Does it work magic? I am a relatively unknown indie author. Readers posted more than 1000 reviews on my titles in 2014. That’s my answer.


eNovel Proud!

eNovel Proud!



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  1. Mike Markel says:

    Thanks for this information, Jackie. Good data about sales on retailers other than Amazon are hard to come by, but nobody disputes that Amazon sales for most authors make up a good two-thirds of total sales. For many authors, like the one you cite, the fraction is even larger. But, as you say, authors need to make up their own minds, factoring in not only their mix of titles and publishers but also their personal feelings about Amazon and the other retailers.

    • Jackie Weger says:

      Mike! I would love to know where your figures come from: That Amazon sales are two thirds of books and other venues one-third. I don’t see that one-third across other venues. Perhaps one day. We are talking about indie authors with few titles. Thank you so much for taking the time to comment. Much appreciated.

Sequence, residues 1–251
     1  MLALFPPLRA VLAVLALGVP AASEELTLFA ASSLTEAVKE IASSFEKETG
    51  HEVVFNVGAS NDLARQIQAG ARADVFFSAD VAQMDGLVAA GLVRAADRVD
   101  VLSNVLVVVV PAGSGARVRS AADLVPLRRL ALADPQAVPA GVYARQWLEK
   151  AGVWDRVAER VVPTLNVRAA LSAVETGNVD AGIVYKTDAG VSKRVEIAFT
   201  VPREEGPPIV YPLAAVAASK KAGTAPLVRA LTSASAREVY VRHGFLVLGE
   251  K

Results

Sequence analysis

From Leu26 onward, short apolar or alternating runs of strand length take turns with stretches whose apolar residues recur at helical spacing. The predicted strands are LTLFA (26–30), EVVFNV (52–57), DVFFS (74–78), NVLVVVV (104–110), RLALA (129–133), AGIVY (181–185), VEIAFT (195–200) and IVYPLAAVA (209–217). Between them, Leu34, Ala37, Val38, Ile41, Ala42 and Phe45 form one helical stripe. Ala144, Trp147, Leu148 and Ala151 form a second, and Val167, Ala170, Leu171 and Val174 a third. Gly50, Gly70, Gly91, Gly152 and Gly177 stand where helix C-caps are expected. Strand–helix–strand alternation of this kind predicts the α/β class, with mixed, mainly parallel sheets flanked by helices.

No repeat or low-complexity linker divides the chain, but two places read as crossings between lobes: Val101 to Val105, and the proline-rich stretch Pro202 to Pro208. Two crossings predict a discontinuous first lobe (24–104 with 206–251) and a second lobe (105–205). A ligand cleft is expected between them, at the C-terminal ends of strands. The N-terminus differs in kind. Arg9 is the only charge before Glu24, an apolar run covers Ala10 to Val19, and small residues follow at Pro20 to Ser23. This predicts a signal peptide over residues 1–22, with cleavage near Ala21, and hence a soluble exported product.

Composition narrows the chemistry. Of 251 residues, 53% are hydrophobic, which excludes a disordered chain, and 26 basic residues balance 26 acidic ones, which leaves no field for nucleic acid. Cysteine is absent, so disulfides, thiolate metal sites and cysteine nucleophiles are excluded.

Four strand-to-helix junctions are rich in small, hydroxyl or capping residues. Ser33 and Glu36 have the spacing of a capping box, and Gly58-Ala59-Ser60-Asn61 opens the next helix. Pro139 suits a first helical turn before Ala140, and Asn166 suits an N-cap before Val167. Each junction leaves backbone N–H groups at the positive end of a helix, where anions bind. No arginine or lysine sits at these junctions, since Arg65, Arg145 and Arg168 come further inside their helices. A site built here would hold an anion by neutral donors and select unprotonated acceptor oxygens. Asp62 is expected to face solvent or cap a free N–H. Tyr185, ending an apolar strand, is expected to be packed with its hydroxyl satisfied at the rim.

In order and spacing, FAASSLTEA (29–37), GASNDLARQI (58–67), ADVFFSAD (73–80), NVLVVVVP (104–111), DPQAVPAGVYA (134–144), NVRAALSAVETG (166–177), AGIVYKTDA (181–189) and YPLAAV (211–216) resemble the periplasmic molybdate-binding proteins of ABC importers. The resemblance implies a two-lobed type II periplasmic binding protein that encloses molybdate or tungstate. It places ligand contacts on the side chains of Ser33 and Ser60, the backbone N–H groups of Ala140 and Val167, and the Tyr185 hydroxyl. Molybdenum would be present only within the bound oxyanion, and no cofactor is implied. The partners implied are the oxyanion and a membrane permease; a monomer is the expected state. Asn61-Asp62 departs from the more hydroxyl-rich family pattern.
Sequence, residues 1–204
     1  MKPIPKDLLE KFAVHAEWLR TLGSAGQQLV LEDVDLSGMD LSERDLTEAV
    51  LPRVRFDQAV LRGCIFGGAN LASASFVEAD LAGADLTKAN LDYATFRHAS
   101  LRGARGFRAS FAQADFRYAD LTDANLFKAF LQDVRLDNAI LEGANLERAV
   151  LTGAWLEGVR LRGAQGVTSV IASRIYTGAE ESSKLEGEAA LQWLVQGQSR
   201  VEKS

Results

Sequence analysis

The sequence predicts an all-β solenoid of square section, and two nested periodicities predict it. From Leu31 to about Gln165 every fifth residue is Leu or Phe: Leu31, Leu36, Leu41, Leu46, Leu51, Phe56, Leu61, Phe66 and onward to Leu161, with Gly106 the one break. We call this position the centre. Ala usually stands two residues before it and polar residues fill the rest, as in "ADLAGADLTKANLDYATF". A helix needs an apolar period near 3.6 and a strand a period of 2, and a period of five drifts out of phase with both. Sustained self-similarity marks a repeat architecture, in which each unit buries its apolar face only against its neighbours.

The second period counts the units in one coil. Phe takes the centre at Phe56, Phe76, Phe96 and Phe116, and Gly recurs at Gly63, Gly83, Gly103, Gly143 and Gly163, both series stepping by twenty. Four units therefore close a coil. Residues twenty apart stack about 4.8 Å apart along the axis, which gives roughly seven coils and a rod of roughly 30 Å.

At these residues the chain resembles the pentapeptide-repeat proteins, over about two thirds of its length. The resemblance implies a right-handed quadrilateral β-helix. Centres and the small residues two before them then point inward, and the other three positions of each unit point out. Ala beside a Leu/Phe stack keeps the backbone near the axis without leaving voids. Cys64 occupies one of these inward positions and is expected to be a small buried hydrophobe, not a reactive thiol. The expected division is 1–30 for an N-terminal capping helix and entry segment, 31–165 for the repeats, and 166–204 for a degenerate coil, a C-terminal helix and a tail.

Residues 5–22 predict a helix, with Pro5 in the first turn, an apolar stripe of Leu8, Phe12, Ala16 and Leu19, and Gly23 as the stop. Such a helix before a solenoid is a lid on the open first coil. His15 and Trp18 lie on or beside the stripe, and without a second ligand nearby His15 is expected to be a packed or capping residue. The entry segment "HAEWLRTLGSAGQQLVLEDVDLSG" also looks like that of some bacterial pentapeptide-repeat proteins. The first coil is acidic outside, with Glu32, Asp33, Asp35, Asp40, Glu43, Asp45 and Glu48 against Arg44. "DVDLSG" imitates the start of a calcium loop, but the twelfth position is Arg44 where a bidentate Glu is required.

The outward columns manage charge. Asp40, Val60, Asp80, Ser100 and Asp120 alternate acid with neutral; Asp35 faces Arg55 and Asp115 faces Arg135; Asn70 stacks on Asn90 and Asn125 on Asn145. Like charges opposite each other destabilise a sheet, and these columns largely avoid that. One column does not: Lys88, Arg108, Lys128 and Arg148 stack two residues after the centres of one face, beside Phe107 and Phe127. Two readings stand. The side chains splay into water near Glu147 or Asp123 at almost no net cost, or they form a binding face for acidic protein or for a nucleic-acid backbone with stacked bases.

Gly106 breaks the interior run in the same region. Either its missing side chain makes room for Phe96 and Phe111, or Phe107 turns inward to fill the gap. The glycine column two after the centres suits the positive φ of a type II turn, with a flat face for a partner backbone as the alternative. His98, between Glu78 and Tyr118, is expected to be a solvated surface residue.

• Mike Markel says:

        Jackie, that two-thirds is just my informal extrapolation from a dozen or so articles/blog posts I’ve read over the past three or four years. But as I said, I think most authors get even more of their sales from Amazon. When I was writing for a small indie publisher, I often had my books on Smash but earned 80 percent from Amazon. (But my total sales were so small it was statistically insignificant.) For the moment, I’m only on Amazon because of their promo opportunities and because the prospect of managing a number of accounts for each book is too daunting.

  2. Julie Frayn says:

    I think most indie authors (heck, probably trad published authors too) aren’t prepared for the amount of promotion necessary to be seen. I wasn’t. Lessons learned. I am going KDP select for now. It’s been very good to me. Sales at other venues weren’t even 1% of Kindle.

    • Jackie Weger says:

      Thank you, Julie Frayn. Since you are a CPA and I’m merely a writer, I trust your sales figures that sales venues other than Amazon are not even 1% of Amazon sales. This article is not meant to encourage indie authors to go exclusive with Amazon or not. What we try to do at eNovel, is share information an indie author can use to make the best decision for his or her book. Thank you so much for sharing that.